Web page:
The effects of boron sprays on fruit yield and fruit quality in guava (psidium guajava l.)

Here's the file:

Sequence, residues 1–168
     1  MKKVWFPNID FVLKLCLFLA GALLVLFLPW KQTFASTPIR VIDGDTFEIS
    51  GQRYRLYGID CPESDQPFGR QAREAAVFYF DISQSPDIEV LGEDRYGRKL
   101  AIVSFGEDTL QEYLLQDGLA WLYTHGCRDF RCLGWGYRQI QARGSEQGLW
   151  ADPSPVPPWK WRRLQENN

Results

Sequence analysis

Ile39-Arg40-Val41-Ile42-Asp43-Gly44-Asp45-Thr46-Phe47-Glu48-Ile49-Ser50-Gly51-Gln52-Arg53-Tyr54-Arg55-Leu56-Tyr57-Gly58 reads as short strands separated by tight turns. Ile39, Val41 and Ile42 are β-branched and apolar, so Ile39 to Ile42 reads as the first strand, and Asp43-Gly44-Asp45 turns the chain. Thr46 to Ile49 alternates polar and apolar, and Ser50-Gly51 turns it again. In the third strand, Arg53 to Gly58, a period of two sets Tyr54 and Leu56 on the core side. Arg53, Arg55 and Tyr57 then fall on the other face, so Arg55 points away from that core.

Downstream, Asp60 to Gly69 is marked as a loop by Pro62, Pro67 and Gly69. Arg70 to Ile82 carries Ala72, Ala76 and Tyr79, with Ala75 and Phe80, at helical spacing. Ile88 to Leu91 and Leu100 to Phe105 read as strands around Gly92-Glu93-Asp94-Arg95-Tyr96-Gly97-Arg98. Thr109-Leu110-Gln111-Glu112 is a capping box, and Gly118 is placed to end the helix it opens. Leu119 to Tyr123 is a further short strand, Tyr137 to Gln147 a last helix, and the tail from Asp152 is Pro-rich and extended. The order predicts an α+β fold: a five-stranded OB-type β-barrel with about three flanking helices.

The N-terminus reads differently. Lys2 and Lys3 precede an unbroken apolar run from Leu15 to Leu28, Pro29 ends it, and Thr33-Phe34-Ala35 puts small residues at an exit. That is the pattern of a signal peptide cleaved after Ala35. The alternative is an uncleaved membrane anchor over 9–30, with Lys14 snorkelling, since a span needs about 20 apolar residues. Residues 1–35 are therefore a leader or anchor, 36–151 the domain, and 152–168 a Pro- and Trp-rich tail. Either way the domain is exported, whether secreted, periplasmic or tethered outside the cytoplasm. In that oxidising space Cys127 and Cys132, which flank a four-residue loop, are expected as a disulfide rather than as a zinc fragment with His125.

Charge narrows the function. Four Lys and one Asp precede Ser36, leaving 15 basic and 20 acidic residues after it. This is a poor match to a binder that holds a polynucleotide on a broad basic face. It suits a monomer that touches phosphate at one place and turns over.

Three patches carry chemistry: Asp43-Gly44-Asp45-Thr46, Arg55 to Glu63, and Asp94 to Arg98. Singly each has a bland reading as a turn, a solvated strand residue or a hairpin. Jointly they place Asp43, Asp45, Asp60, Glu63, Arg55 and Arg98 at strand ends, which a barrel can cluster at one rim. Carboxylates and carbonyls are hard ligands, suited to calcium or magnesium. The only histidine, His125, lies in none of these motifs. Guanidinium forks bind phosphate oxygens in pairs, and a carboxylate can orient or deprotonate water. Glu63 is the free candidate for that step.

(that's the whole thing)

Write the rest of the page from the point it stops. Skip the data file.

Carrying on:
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NO FULL TEXT AVAILABLE. Access is restricted indefinitely. ----- This thesis reports on field and laboratory investigations into the effects of boron sprayed directly onto leaves (foliar spray) on growth (yield), colour, texture and chemical composition of common guava (Psidium guavjava L.) fruit. The key areas of research included the use of different concentrations of boron (as boric acid) in two different growing seasons (2002 and 2003) with different climatic conditions. Physical parameters of fruit quality were measured such as size (diameter) and weight, and colour and texture, as well as detailed analysis of fruit chemical composition, including crude fibre, total soluble solids, pectin, acidity and vitamin C content. Time of fruit deterioration was monitored to assess shelf-life, and concentrations of boron taken up into the fruit and plant leaves were monitored for safety reasons. Finally, a panel of fruit experts was used to assess the sensory and eating quality of fruit with or without boron application, and a final assessment of fruit eating quality was determined. Results from the study clearly showed that boron sprays at or near the highest concentrations used in this study significantly improved fruit size and weight. There was a subtle colour change in the skin towards a more green fruit, and the physical texture of the fruit was harder with boron application. Almost all chemical analyses demonstrated that with boron application fruit had higher acidity, vitamin C content, total soluble solids, but crude fibre had decreased. Pectin levels in 2003 were low and could not be accurately quantified, but in 2002 boron also increased the levels of pectins. A significant result was that boron sprays decreased fruit deterioration over time, and shelf life of guava could be extended from 5-7 days with no boron spray to 14- 16 days with the highest boron concentration spray. A panel of fruit experts assessed the fruit from the highest boron sprayed trees to be overall the best fruit in taste, colour and texture, with fruit from trees without boron application being the poorest fruit in these aspects. This study, therefore, for the first time investigated the role of boron in post-harvest fruit physiology and composition in a tropical fruit, as distinct from other studies on temperate fruits. However, the results of this study are in agreement with other studies of boron application in temperate fruits, and the available broad literature is used to explain the effects observed. The data provided a consistent picture as to the benefits of boron application, in what tuned out to be very different tropical climatic conditions over the two seasons of this study. The results are discussed in relation to the effects of boron on tree physiology, biochemistry and fruit development; additionally economic and orchard management implications of the research are discussed. Finally, a brief discussion on possible negative environmental effects of boron accumulation in plants and soil are discussed as a result of boron spraying, with a brief review of possible human heath implications.
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